Tuesday, November 18, 2014

The Haitian Zombie Issue

No. No. No.               


Okay, so I’m about half of the way through Doc of the Dead on Netflix (it’s a little too goofy for its own good, but it has some stunning visuals in its interlude pieces and it includes fascinating interviews from some very heavy hitters in the zombie community) and I’m getting really frustrated, so I’m going to take a few minutes to just vent here.

Cool? Good.

Here’s my problem: Haitian zombies aren't zombies. 

There, I said it. They just aren't. 

Although they share a name with the creature introduced and popularized by the works of Romero (a slow moving, mindless, reanimated corpse that craves human flesh, that multiplies by killing victims who then become zombies, and that can only be (re)killed by a direct attack on its brain), the Haitian Vodou zombie should not be confused with zombies as we now think of them (i.e. the zombies this blog is dedicated to). Despite a few obvious similarities, in most observable ways the Haitian zombie and the Romero zombie are two separate constructs and, though linked thematically, should be considered as distinct from one another. Of course, I'm not implying that we should not refer to Haitian zombies as zombies (it is THEIR name, after all), but rather that it is necessary to acknowledge the fundamental differences between the two concepts in order to gain a full understanding of either.

First, though, let's get through the apparent similarities: Haitian zombies are people raised from the dead*, and Haitian zombies are mindless**. That's pretty much where it ends. And, in both cases, the seeming similarity is undermined in some sense (hence, the asterisks).

To begin with, *Haitian zombies are not actually raised from the dead, but rather are raised from the grave. This qualification, of course, is in reference to the fact that our current understanding of the Haitian zombie (and even certain early Haitian understandings), does not identify the zombies as dead but as seemingly dead. This is indicated as early as W.E. Seabrook's "... Dead Men Working in the Cane Fields," the short story most responsible for introducing the Haitian zombie to the popular consciousness. At the end of the story, the narrator relates a passage from the official Haitian penal code which seems to offer a non-supernatural explanation for presence of reanimated corpses: "Article 249. Also shall be qualified as attempted murder the employment which may be made against any person of substances which, without causing actual death, produce a lethargic coma more or less prolonged. If, after the administering of such substances, the person has been buried, the act shall be considered murder, no matter what result follows" (Seabrook 49). However, whether working under this seemingly more rational explanation, or the folkloric understanding of the zombie as "a soulless human corpse, still dead, but taken from the grave and endowed by sorcery with a mechanical semblance of life [...] a dead body which is made to walk and act and move as if it were alive,” the Haitian zombie is a corpse that "came from the grave" (Seabrook 41). Which, on the surface, is a bit of a nitpicky distinction, but it signifies nonetheless. In both cases, Romero and Haitian, it is the newly dead (or apparent dead) who return. However, in Haiti, it is exclusively corpses that have been buried that are revived while in Night it is exclusively those bodies that have not been buried that return. The latter indicates an interruption of the proper death rites. The former, however, gestures to a willful violation of death itself (more on the Bokor later).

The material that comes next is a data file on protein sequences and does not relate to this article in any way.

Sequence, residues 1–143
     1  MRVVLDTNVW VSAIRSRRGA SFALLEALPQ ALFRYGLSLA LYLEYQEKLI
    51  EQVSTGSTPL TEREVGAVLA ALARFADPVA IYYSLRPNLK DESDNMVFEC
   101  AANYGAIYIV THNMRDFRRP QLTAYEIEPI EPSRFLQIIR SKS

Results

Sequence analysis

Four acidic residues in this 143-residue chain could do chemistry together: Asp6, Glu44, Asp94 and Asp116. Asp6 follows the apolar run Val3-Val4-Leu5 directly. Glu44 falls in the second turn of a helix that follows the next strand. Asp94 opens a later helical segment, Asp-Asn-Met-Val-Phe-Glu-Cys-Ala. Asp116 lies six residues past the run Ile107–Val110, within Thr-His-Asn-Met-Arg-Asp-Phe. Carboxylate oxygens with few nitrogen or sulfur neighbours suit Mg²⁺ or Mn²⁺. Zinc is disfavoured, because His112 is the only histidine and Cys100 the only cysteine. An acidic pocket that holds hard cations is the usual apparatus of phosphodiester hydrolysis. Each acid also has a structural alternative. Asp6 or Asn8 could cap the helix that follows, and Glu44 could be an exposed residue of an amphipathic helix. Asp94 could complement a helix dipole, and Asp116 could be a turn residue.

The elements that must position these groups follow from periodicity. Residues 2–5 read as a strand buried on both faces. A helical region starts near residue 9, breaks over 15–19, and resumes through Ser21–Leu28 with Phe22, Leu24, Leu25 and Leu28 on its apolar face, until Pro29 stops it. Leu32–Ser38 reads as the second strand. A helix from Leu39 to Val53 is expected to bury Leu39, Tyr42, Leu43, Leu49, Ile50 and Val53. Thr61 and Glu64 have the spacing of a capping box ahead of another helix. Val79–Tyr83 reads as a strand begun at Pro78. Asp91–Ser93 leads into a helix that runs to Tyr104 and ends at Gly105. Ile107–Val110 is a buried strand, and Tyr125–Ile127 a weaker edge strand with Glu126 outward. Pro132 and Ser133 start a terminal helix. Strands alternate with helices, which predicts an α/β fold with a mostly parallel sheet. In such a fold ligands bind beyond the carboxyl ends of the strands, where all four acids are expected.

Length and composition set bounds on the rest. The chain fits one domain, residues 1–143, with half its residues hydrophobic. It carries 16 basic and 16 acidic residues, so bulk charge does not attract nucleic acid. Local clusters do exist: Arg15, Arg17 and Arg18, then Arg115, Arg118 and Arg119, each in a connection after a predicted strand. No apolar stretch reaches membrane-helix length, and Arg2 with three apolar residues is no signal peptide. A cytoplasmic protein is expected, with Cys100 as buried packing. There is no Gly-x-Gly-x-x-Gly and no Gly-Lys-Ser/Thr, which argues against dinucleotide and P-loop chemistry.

Zonbi, by Wilson Bigaud, 1939
Next, although, for people like zombie connoisseur John Skipp the tragic truth about Haitian zombies is that "they [are] slaves. Either raised from the dead to do some vile master's bidding, or somehow mesmerized into mindless subservience, zombies were the husked-out shells of humanity, whose sole purpose was to do the degrading shit no willful soul would do. In that sense they were the ultimate slaves, in that they had no will of their own," ** Haitian zombies are not actually mindless (Skipp 10). Though the same could be said of the zombies in Night of the Living Dead - who try car door handles, use basic tools, shield their eyes from branches, and demonstrate basic self-preservation skills in avoiding fire - the Haitian zombie is un-mindless in a very different way.
Know what sucks? Doin' this.
Photo: Sean Smith
Not only are they capable of far more intricate tasks (reaping sugar cane is not an easy chore), but they are actually able to follow orders. This indicates a level of receptive communication that the Romero zombies simply lack. This is decidedly not a trivial distinction; the Haitian zombie is defined by its tractability, the Romero zombie by their inability to be controlled. Where the Haitian zombies are literal slaves, the Romero zombie is a slave only to its appetite. These are very clear indications of the stark differences in cultural anxieties between the two societies that created these very distinct monstrous figures. To grossly oversimplify, one fears being controlled, one fears being out of control.

(I just realized that Haitian zombies and Romero's both shamble very similarly in a way that is not readily undermined in any demonstrable way. So there's that linking them, I guess. In the immortal words of Deep Blue Something, "Well, that's the one thing we've got").

To be continued...

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